Statue of Doncaster rail pioneer to be unveiled on 75th anniversary of his death
The sculpture will be revealed to the public at London's King's Cross station at 11am today to mark the achievements of Sir Nigel who was responsible for creating Doncaster-built steam loco classics such as Mallard and the Flying Scotsman.
The Gresley Society, a charitable organisation dedicated to the promotion of the man and his achievement, has funded the commisioning of the 8ft bronze statue to be unveiled on the 75th anniversary of his death.
The ceremony will be performed by Sir Peter Hendy, chairman of Network Rail on the station’s main concourse where he will be joined by members of the Gresley family.
Three quarters of a century ago, in the dark days of war, Sir Nigel, one of Britain’s greatest railway engineers died while still in office as Chief Mechanical Engineer of the London & North Eastern Railway.
The unveiling of the statue is the culmination of an eighteen month project managed and funded by The Gresley Society.
The statue, which is cast in bronze, has been designed and created by Hazel Reeves and is around one fifth larger than life size, enabling the figure of Sir Nigel to stand out above the thousands of passengers that pass through the station every day.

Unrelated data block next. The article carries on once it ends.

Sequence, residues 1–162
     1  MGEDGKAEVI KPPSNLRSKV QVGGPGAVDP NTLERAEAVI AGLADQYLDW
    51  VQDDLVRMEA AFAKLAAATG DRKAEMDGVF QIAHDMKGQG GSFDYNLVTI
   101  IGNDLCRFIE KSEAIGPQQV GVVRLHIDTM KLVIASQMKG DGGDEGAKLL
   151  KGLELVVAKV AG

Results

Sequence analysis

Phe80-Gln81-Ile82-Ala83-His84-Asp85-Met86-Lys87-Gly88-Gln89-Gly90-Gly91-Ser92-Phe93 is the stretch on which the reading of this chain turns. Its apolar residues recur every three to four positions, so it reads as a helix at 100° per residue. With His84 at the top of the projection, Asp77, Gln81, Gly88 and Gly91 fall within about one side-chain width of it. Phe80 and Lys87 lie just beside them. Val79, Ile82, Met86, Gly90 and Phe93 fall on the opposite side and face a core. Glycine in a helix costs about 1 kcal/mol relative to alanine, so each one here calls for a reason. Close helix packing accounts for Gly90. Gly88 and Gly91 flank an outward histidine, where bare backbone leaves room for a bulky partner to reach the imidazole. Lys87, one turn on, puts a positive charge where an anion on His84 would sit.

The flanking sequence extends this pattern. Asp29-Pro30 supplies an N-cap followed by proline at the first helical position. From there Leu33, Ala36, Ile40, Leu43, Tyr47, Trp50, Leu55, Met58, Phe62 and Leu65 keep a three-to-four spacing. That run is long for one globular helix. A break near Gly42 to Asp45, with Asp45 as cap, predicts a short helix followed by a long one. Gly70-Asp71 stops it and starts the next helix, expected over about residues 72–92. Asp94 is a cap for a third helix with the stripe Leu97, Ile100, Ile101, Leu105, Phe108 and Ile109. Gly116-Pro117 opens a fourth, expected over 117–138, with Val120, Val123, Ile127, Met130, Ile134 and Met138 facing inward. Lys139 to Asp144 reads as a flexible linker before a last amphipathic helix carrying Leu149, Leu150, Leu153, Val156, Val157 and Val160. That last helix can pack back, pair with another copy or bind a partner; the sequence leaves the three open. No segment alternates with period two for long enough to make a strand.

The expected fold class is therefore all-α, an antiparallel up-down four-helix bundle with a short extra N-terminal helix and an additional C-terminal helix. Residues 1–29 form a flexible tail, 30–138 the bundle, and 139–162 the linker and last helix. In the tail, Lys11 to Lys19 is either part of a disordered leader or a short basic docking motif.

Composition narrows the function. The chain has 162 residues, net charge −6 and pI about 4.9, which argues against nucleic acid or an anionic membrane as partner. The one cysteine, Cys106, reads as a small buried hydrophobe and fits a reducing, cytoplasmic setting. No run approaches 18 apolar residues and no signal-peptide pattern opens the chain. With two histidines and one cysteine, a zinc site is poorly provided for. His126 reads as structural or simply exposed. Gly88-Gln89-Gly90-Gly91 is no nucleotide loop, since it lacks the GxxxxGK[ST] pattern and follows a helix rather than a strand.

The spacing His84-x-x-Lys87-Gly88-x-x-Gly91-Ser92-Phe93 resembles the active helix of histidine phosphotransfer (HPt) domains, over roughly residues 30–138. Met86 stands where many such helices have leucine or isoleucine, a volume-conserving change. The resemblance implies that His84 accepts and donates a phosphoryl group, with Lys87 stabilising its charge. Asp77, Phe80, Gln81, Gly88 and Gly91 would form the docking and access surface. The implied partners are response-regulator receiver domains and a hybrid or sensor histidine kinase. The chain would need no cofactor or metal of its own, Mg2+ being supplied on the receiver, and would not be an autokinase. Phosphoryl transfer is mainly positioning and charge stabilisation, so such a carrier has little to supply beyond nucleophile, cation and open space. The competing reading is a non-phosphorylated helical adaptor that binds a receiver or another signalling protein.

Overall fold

In his hand Sir Nigel is carrying a copy of ‘The Locomotive’ magazine which carries a depiction of Mallard, one of his A4 streamlined locomotives, that holds the world speed record.
Flying Scotsman, acknowledged as the world’s most famous steam engine, was also to his design, and he brought many innovations to the design of locomotives and railway rolling stock.
Speaking about the ceremony, John Cameron, CBE, President of The Gresley Society, said: “This is a very special day. The Gresley Society are delighted to see this superb statue of Sir Nigel Gresley unveiled at King’s Cross, a place that was so important to his life’s work.
"I congratulate Hazel Reeves on the way she has caught the essence of this great engineer. It will stand as a memorial to his achievements for future generations, and to the quality of British engineering.”
Talking about the statue, Hazel Reeves said: “Sir Nigel Gresley designed steam engines that pushed boundaries of both speed and elegance of design; I hope that my statue of this great engineer helps ensure his achievements are re-discovered and celebrated for generations to come.”
In all, he was responsible for the design and building of 2150 locomotives and tens of thousands of carriages and wagons.
He died at home unexpectedly on April 5, 1941 at the age of 65 while still in office with the LNER.